Tom Hanks is Tom Hanks, you know - a lot of reassuring fuddy-duddy quirk for your $10.00. He's kind of the postmodern Jimmy Stewart, I guess. He's okay in a generic Tom Hanks kind of way as the Harvard "Symbolist" (wuzzat?). The Italian actress playing the nuclear physicist who accompanies him on his quest to save the Vatican from itself is very un-nerdy for a nuclear physicist. She's kind of a generic Italian lady scientist in sensible clothing. When she lost her journals, I couldn't help but recall Elizabeth Barkley losing her suitcase in Showgirls, which I had just seen earlier. This is the danger of watching too many movies in one day.

The Vatican heavies, the super-baddy and the Italian cops are all beneath our American contempt - how dare they act this way? You can just feel your sense of democratic superiority rising in your Tom Sawyer cultural scaffold as they act predictably European Catholic and distrustful of us brilliant Yanks, like Hanks.

The best scenes for me were the ones in the Vatican Archives. I really wanted to get in there and see all of the rare manuscripts, but was unable when I went to the Vatican. What do I know, I figured they would have an open access rare book museum like the British Library, but it turns out they want you to pay extra and get reservations and all that. Ah, come on. I don't need to see Dante manuscripts that badly.

So anyway - I don't want to give away too much here, but creation really does look exactly as it was depicted on the Sistine Chapel ceiling, except with a Scottish guy (Ewan McGregor) dude in a parachute and none of those big, nude Italian Renaissance nude deities.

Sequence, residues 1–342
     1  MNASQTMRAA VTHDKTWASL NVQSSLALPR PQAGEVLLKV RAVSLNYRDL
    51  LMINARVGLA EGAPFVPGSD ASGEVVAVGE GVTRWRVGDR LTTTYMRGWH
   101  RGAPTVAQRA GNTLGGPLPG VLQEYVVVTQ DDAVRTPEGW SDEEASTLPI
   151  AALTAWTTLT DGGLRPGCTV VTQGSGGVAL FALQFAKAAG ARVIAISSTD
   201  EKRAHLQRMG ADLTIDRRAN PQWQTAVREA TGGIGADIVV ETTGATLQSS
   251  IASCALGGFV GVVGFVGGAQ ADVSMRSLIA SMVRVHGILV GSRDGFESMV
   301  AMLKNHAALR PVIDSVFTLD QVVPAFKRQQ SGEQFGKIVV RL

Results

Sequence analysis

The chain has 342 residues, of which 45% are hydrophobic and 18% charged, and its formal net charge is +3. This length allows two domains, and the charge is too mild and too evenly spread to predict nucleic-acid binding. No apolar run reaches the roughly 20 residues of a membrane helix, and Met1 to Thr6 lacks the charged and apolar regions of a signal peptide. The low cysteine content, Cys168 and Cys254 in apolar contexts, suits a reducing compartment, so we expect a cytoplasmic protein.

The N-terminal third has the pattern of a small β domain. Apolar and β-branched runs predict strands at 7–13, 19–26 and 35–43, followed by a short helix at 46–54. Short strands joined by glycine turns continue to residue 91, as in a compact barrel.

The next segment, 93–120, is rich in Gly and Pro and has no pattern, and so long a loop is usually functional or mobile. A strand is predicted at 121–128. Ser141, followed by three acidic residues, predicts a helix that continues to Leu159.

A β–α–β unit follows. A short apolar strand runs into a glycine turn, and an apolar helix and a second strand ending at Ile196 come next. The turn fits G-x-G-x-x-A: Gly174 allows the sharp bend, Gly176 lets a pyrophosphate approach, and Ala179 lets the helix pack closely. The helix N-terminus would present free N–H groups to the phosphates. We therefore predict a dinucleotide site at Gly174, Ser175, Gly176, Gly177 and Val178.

Pretty good movie although I would have liked the Vatican to explode. That would have racked up some extra points.

Bad Movie Twin-Bill Overwhelms Helpless Viewers

Yesterday Mike Amanda and I (Jill hid in another room) watched a mini-marathon "Bad Movie Night" composed of "Repo - The Genetic Opera" and "Showgirls".


Showgirls, of course, is a tried and true bad movie night staple - a real jawdropper of a movie gone very, very wrong - but its funny, campy and willfully wrongheaded. We have been debating whether Elizabeth Barkley, the "star" of Showgirls was shtupping the director when this movie was made, which would account for why she was allowed more than enough leash to hang herself about 90 times in 90 minutes. Lets say her "acting" isn't exactly finely nuanced. She musta went to the Psychotic Episode School of Acting, I would say. And the sex scenes with Kyle Maclachlan: Huh? What? Eh?

An aside on Showgirls: we can't figure out why the black "boyfriend" sub-plot is even in the movie. Its functionless, unless you count the "Bitch, get me a beer!" line as ghetto comedy. I'm not sure about this character. Is he squatting in that warehouse or can you actually rent something like that in Vegas? Why is it all smoky?

On the other hand, Repo is almost too bad for words. The plot is hopeless, the songs are horrendous, the acting execrable, the dialog unintelligible.